Hurricane Lee Treks North, Track to Determine Seacoast Impact
*This report has been updated with new information about the hurricane's impact*
Forecasters and emergency management teams are keeping a careful eye on the track of Hurricane Lee for its impact on the Seacoast region.
"Confidence has increased that it's going to come in pretty close proximity to the coast. So, we're looking at mostly coastal impacts with heavy rain potential, winds nearing tropical storm force winds, rough surf and rip current risk," National Weather Service meteorologist Stephen Baron in Gray, Maine, told Seacoast Current.
Baron expects the worst of the impacts to be Friday night and all day Saturday, especially in the eastern parts of Rockingham County and Strafford Counties, where there will be a sharp cutoff of the rain.
"It's really going to depend on the intensity and the exact track of the storm, which is a little uncertain at this time," Baron said late Wednesday morning. "We don't know how dramatic its pivot into the Gulf of Maine is going to be."
A Tropical Storm Watch is in effect for the Seacoast between Cape Elizabeth, Maine, and the mouth of the Merrimack River Friday night through Saturday for 20 to 30-knot winds out of the northwest, with gusts to 65 knots. Waves heights could be 10-14 feet.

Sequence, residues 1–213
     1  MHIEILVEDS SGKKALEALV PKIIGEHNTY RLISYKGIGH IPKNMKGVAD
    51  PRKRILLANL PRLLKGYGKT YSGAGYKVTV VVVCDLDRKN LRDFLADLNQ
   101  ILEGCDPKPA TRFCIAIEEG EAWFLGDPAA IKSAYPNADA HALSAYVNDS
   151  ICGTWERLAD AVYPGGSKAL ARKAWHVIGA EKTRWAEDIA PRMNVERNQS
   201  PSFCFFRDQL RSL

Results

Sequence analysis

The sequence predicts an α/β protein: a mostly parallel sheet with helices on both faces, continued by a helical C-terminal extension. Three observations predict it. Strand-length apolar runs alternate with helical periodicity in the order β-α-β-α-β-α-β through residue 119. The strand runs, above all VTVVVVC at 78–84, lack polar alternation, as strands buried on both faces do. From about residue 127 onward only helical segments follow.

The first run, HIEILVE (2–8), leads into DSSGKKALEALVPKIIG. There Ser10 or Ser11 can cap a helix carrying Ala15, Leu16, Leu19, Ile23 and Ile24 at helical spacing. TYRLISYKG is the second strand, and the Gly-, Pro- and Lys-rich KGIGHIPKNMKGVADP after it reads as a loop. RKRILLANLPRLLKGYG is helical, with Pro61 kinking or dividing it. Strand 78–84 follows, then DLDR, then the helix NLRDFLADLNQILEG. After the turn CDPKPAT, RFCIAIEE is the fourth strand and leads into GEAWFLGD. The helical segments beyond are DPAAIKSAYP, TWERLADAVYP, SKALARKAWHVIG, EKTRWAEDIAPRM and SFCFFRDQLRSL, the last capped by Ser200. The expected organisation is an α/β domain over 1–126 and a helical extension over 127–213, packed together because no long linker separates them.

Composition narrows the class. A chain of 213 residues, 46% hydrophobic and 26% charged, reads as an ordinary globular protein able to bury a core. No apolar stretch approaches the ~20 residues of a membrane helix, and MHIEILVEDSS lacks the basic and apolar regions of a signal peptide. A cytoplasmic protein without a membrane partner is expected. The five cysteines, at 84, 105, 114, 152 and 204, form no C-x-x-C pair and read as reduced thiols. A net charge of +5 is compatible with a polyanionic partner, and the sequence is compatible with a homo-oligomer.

The pivot will determine how heavy the rain gets inland, and where that cutoff falls.
The track of the storm as of 2 p.m. Wednesday would put Lee due east of Cape Cod Saturday morning around 8 a.m., and in the Gulf of Maine approximately 12 hours late.
Prepare for strong winds & power outages
Residents and visitors should take time to prepare for strong winds and power outages, according to New Hampshire Division of Homeland Security and Emergency Management Director Robert Buxton.
“Pay attention to local weather alerts and make sure everyone in your family knows your emergency plan and their roles. Check your emergency kit to ensure you have enough items for at least 72 hours. Secure any items outside your home, especially on the Seacoast," Buxton said.
Hampton Fire Chief Michael McMahon, who is also the town's Emergency Management Director, told Seacoast Current his department will be fully staffed Friday night and Saturday.
"We want to encourage people to stay off the beach and stay safe. Secure outdoor items and deck furniture, things like that, so they don't become projectiles and cause property or personal damage," McMahon said.
Portsmouth Fire Chief William McQuillen is also monitoring the storm. McMahon and McQuillen will be on a meeting with the state's Homeland Security & Emergency Management Office Wednesday afternoon to discuss further actions.